“I am thrilled that the Provincetown Playhouse is re-opening and once again will be a home for theatre in the Village,” said Congressman Jerry Nadler. “I thank NYU for engaging the community during the Playhouse’s renovation and for preserving the Playhouse as a theatre for generations to come.”
“At a time when small theatres are consistently in danger of permanently closing, the Off-Broadway League is pleased NYU has preserved an important and historic theatre,” said Off-Broadway League President George Forbes. “We thank NYU for its commitment to keeping the Provincetown Playhouse a working theatre. By preserving the Playhouse, NYU has kept the creative spirit and heritage of this theatre from disappearing forever.”
In addition to preserving the theatre’s exact volume and footprint and as much of its original structural walls as possible, the University carefully restored the theatre’s façade to its 1940s condition, with a replica of the original signage, doors consistent with historical photos of the era, and restored cast-stone occuli. The interior walls, which had been covered in plaster and sheetrock in previous decades, were peeled back and cleaned, resulting in exposed brick as the wall surface in most of the theatre.
The design team also installed a new lobby ceiling inspired by the “Kuppelhorizont” dome, a painted scenic element that was formerly installed over the stage to create the illusion of infinite space and which was removed in one of the theatre’s many previous renovations. The painted metal end pieces of the seat rows were also preserved and installed into the walls at the end of each seat row. Finally, a permanent exhibition of archival photos has been installed which documents the history of the theatre and the artistic, cultural, and intellectual life of Greenwich Village.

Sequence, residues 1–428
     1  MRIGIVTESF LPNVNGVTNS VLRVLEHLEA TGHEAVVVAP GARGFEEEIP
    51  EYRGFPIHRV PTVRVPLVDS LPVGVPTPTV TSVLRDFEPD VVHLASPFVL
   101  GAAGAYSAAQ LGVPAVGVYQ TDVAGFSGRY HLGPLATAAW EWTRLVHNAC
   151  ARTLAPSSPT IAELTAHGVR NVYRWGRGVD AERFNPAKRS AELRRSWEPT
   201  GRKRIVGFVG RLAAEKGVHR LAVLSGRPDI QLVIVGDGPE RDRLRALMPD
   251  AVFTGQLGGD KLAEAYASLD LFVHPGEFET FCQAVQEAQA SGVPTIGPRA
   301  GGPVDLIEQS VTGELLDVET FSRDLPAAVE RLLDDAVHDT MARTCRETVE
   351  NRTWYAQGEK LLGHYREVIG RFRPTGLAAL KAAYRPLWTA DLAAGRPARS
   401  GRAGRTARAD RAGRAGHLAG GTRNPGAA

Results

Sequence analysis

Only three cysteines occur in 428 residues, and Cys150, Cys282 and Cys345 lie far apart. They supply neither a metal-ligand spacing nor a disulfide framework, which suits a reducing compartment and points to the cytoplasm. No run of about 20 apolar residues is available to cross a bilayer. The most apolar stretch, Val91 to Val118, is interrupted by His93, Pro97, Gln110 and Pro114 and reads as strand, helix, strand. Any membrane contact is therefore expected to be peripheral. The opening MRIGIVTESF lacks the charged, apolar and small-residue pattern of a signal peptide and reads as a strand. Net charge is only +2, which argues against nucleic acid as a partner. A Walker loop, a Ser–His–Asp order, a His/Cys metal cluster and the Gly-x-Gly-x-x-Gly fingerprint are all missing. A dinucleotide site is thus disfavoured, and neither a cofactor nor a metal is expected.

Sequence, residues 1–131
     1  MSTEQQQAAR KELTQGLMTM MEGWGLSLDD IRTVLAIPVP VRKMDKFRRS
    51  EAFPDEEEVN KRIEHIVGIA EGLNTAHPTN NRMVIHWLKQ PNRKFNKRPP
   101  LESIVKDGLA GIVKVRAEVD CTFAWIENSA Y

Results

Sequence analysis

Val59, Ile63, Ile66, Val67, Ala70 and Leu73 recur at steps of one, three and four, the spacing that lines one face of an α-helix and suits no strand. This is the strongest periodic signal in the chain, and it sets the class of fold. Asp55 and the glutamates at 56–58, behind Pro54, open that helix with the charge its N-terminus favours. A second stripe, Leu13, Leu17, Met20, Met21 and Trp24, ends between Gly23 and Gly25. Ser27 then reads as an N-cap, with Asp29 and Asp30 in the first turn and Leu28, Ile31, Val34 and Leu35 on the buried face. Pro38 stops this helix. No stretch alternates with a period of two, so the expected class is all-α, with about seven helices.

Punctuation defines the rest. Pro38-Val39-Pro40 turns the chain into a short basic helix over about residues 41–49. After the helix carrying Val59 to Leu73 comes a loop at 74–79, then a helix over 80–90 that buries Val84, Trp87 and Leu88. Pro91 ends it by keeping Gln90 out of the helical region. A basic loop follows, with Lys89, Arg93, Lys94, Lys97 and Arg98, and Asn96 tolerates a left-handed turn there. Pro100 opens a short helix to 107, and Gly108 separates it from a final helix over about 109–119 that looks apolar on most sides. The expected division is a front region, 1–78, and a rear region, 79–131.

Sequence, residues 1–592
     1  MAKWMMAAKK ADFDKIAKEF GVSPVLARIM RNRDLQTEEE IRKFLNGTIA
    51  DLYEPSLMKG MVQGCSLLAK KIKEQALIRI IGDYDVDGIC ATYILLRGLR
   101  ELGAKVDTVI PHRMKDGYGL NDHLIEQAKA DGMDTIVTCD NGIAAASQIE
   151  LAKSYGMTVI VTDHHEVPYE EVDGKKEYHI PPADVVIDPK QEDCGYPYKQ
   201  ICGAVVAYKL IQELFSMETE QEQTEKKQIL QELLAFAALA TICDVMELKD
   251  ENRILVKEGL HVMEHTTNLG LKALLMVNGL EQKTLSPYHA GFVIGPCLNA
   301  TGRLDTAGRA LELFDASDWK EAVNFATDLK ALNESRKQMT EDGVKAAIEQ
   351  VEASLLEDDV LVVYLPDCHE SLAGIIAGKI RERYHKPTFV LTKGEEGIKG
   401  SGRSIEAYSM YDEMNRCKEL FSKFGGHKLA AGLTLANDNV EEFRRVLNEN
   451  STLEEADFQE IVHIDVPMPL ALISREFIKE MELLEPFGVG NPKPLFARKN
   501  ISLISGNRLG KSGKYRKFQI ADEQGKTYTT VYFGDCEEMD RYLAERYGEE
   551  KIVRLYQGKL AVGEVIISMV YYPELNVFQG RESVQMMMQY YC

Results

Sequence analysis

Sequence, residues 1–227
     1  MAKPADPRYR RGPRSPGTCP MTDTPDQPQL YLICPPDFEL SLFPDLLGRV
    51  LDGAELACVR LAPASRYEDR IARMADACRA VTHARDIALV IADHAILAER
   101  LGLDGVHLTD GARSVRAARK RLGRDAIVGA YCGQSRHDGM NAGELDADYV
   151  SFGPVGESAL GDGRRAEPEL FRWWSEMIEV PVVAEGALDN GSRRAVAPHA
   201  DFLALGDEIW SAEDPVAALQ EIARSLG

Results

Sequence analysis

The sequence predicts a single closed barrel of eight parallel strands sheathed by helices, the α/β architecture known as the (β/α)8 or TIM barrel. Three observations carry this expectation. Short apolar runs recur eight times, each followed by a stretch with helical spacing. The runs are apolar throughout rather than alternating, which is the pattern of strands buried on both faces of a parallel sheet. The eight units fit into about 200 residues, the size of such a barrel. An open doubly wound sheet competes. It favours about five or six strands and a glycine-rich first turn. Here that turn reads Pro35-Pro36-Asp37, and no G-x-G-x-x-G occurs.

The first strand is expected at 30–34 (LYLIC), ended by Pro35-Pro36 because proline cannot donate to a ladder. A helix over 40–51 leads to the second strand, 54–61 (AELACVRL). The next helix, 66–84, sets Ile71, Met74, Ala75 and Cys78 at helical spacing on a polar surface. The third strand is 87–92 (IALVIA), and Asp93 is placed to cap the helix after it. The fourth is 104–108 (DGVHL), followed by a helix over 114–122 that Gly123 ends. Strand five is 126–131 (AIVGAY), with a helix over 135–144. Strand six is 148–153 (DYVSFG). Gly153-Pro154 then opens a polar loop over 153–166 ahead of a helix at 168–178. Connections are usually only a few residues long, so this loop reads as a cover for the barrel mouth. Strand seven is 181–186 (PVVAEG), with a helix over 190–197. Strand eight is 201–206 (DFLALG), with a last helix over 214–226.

“The overall retention of the Provincetown Playhouse means that we have been able to retain a remarkable, historic space that is an important piece of New York’s history, and the steps NYU took to restore the playhouse are appreciated,” said New York State Assemblymember Deborah Glick.
The theatre is used year-round for rehearsals, for acting, set design, lighting, and directing classes for NYU’s programs in educational theatre and vocal performance at the Steinhardt School of Culture, Education, and Human Development, and for a wide variety of performances of experimental, classic, and contemporary plays and works-in-development for audiences of all ages.
A special series of events has been planned that celebrates the re-opening of the Playhouse, including a panel discussion on Sun., Dec. 19 with Edward Albee, Living Theater’s Judith Malina, La Mama Experimental Theater Company’s Ozzie Rodriguez, and Village Voice theatre critic Michael Feingold; a storytelling hour about the Provincetown on Fri., Feb. 11; and series of one-act plays from the original Provincetown Players, featuring works by Eugene O’Neill, Susan Glaspell, and Edna St. Vincent Millay on Feb. 25-27 and March 3-6. For a full listing of events, visit http://steinhardt.nyu.edu/music/provincetown_calendar.